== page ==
This month has been blur. Two weeks ago, my family and I traveled to Florida for the kickoff of an amazing vacation. We spent a day at Legoland then visited Sea World before boarding a Disney cruise ship to sail the seas with eleven additional family members (16 of us in all).
As many of you know, I'm a cruise gal. I love being whisked away to a different location with the taste of salt in the air, the ocean teasing me with its brilliance right outside my balcony door. I love being pampered (who doesn't?) and enjoying a few days of not cooking dinner, not making my bed, not being the source of entertainment for my children. It's a time for rest, reflection, rejuvenation. Even being disconnected from WiFi and cell service is a blissful change to my normally hectic world.
We plan our cruise vacations years in advance. The anticipation that builds prior to vacation is one that rivals birthday parties, holiday gift-giving, births and weddings. We talk about the activities we can't wait to do. We reminisce about experiences from the last time we cruised. We imagine what will happen the next time we travel.
I take hundreds of photos during our cruises. They are my souvenirs, more precious than any t-shirt or postcard you will find. They remind me of beauty. Kindness. Peace. Joy.
But now, as I'm scrolling through all the photos from our vacation, I feel the need to add another word to that list: Guilt.
See, the cruise we took this year was a gift from my father-in-law, in memory of my mother-in-law who passed away March 2016. They wanted the extended family to have something to look forward to after she was gone, so they arranged for this vacation with everyone together.
Everyone except for mom.
My in-laws have cruised before. In fact, we invited them to share in our own cruise vacation in 2010 when my youngest child was only ten months old. We had a fabulous time making a lifetime of memories that week. Even today, we tease my now seven-year-old how Grandma and Grandpa searched the entire ship for a hot dog bun to appease him. Not the hot dog itself. The hot dog bun.
But now it's different.
My mother-in-law is gone and we are still finding our own ways to heal from that loss.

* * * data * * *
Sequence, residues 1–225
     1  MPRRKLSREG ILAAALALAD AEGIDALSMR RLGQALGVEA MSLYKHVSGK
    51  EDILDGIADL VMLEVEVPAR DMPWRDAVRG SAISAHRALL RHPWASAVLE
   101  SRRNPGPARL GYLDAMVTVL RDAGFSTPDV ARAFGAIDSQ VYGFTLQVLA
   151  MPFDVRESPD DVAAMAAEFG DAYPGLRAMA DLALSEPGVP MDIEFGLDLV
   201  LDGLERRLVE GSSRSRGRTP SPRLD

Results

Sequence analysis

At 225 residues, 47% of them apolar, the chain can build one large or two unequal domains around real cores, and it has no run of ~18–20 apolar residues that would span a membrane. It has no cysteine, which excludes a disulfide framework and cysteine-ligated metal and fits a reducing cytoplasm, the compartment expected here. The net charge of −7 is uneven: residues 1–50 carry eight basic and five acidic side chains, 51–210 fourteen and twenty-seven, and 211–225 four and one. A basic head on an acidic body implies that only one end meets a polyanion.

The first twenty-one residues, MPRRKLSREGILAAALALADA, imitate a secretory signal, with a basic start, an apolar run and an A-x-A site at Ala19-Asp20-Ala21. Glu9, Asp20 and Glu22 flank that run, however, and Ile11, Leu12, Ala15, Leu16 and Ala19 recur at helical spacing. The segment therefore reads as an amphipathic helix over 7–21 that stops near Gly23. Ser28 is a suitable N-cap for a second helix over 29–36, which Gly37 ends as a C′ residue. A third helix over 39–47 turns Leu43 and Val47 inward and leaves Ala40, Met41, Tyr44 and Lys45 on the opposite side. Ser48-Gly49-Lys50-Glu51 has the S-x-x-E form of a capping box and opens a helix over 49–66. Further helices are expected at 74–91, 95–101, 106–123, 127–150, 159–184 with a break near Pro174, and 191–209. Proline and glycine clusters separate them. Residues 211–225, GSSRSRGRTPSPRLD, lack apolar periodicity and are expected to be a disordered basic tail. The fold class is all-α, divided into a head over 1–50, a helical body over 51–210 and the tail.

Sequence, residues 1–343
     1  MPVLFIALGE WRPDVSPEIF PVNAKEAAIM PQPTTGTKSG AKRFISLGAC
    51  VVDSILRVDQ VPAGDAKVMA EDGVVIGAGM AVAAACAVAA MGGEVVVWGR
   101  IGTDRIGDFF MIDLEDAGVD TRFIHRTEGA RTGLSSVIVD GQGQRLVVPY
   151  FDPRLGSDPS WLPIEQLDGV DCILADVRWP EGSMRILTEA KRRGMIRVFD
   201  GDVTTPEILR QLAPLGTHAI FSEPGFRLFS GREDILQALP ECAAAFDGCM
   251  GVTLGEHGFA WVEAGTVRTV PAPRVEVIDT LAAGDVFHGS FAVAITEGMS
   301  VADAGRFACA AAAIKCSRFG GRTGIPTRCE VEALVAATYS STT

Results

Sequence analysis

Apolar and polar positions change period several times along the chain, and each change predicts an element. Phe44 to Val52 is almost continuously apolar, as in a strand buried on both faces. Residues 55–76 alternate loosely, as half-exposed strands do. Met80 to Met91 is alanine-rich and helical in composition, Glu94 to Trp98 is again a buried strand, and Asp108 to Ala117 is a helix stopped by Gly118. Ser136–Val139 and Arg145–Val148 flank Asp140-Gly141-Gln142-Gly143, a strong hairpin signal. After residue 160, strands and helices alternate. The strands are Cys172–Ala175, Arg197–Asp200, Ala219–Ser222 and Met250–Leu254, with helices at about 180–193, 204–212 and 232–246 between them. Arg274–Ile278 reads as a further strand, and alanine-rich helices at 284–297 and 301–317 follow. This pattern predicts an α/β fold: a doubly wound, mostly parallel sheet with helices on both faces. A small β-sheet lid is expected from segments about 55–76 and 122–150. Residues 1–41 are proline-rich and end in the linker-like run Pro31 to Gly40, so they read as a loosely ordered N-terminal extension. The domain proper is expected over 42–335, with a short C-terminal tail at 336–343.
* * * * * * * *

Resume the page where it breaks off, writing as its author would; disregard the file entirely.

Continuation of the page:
During this cruise, we visited various ports. As we traveled to the same locations we had shared with her, I could feel her presence in so many ways. Oh, the memories that flooded my heart as we toured the aquarium at Atlantis and strolled the walkway at Castaway Cay! I felt her whisper on my shoulder from the gentle Caribbean breeze and her love from the warmth of the sun. Even at dinner I found myself lost in the conversation as I remembered the way she would smile and laugh at our reflections of the day.
We had an amazing vacation. Now we are home, re-acclimating to our everyday lives, and I am compiling the photos to share.
But now it's different.
My mom is gone, too.
This trip had nothing to do with my mom at all as this was a celebration with my husband's family. In fact, the loss of my mom was never mentioned by anyone the entire week. It wasn't the focus of the trip, therefore it didn't rise to the surface of conversation. It may have been the proverbial elephant in the room or perhaps not even a thought; either way, it wasn't discussed. I briefly referenced her in a passing conversation about childhood memories, but that was it. My mom, her life, her death, were topics only for me to dwell upon.
Now here I am, pouring over hundreds of photos, wondering, "Who do I share these with now?"
Survivor's guilt is real.
It's only been two months since my mom's death and I'm still riding the roller coaster of grief. I am paralyzed by the weight of sorrow as I remember the joy I experienced last week. How could I have allowed myself moments of fun on the heels of my mother's demise? Why am I deserving to be blessed by the generosity of a family-funded vacation? Who really cares about my stories anyway? Why even share this with the world?
I am quickly learning that grief and guilt are seatmates in the cargo space of my mind.
So bear with me a bit as I navigate these crashing waves and searing riptides. My heart is still mending and I may seem a bit disconnected at times.
This coming week I will share stories from my cruise with parallels to my experiences as a mom, an educator, a daughter and friend. My goal this year is to be more transparent in my reflections, so I thought this would be a great place to start. For those of you still sifting through the pain of loss, perhaps these stories will help us heal together.
I can't share my stories with my mom anymore, so I will share them with you.